How to Provide Written Feedback: Best Practices for Answering Post-Game Surveys - Antidote

How to Provide Written Feedback: Best Practices for Answering Post-Game Surveys

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How Written Feedback Helps

Post-game surveys are a great way for developers to understand a player’s opinions/experiences of a game, then use that feedback to create a more enjoyable player experience. Player feedback is an important part of developing an enjoyable and appealing game, so it is also important that players try their best to give detailed and helpful comments on their own game experience. In this guide, I will explain some best practices for answering various types of post-game session survey questions so that your survey answers will be as helpful as possible in the game development process.

Types of Questions

There are two types of survey questions that you might encounter in a post-game survey: open-ended survey questions and close-ended survey questions. The only difference between these question types is the number of choices available for the answer. Close-ended questions have a finite, or limited, number of set-in-stone answer choices; on the other hand, open-ended questions allow you to freely respond in sentence form, and therefore have an infinite number of potential answers.

For Close-Ended Survey Questions

These types of questions are the ones with a limited number of possible answer choices. For example, multiple choice questions, rating questions, and yes/no questions are all types of close-ended questions. Since the number of answers per each of these questions is limited (limited by yes or no, a scale of 1-5, etc.), you only need to choose the answer choice that you think best fits.

For Open-Ended Survey Questions

These types of questions ask for your thoughts/opinions in your own words. Unlike close-ended questions, there are an infinite number of ways to answer open-ended questions. With these questions, it is important to be as specific as possible, and to explain the “why?” behind your answer.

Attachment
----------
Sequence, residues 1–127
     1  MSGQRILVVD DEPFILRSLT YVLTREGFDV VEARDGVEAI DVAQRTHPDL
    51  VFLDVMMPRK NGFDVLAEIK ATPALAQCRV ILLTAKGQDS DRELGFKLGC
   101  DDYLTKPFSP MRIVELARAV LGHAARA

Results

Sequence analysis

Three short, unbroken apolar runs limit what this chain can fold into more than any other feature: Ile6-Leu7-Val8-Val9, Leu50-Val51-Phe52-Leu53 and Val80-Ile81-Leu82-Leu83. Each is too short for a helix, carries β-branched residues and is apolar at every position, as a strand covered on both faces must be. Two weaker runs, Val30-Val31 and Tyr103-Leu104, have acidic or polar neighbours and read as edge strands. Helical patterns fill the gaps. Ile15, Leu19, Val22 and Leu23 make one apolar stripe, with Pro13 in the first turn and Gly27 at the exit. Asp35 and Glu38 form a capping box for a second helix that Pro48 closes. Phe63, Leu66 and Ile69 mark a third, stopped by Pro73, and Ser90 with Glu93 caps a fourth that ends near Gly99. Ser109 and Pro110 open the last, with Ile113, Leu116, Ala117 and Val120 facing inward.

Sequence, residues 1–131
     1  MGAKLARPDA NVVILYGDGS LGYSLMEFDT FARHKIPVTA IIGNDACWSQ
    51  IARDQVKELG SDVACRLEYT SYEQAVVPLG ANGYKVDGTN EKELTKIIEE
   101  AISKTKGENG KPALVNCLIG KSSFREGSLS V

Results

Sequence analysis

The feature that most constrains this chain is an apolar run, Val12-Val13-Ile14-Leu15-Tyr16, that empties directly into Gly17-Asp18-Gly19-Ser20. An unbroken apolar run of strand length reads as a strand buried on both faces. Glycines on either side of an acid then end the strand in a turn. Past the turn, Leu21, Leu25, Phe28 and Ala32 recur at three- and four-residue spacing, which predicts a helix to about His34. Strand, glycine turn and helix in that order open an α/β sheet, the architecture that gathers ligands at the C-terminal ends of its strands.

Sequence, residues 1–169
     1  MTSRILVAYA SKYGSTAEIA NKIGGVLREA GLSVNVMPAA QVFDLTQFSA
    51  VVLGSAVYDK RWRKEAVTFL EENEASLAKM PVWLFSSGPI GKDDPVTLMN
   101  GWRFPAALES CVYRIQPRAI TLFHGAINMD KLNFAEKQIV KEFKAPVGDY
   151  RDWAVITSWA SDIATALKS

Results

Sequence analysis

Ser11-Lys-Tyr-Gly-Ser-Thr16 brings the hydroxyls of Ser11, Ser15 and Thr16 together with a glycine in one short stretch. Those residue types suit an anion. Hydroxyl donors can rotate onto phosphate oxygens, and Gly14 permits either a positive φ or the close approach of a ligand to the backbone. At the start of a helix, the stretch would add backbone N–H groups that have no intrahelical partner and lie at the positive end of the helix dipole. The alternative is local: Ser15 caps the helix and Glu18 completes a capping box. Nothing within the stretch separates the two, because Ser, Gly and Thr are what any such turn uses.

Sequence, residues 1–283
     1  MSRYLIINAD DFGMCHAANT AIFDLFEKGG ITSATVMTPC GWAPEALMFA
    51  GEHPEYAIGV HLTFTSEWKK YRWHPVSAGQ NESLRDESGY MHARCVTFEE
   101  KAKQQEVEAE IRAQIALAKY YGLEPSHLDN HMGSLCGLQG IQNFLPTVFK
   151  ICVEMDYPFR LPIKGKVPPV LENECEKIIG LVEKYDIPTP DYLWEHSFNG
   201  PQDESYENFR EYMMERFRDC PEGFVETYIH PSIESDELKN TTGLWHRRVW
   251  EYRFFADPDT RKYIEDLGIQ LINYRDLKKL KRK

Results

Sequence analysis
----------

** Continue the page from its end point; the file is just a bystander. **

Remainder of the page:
For example, for a survey question that asks:

“Was there a time during your game session when the objective of the game was confusing/difficult to understand? If so, describe your experience.”

Good Answer Example:

            “I had trouble getting from checkpoint A to checkpoint B, and the puzzle at the end was really hard.”

Better Answer Example:

“I had trouble getting from checkpoint A to checkpoint B because the compass at the top of the screen does not indicate exactly where the next checkpoint is, just the general direction. Also, the puzzle after leaving checkpoint B was confusing because it is very far from the actual door that it opens, and I was not able to see that the door opened when I solved the puzzle.”

By comparing these examples, you can see how much more information the second one provides when compared to the first. By explaining your thoughts and what prompted those thoughts, you can paint a better picture of what needs improvement for the developers.

On a final note, with open-ended survey questions, don’t be afraid of being sincere and/or providing negative feedback. Developers want real, candid feedback of their games, and with honest responses, developers can work to improve the lacking elements of their games.


YourDictionary. “Examples of Open-Ended and Closed-Ended Questions.” YourDictionary, 20

Mar. 2017,

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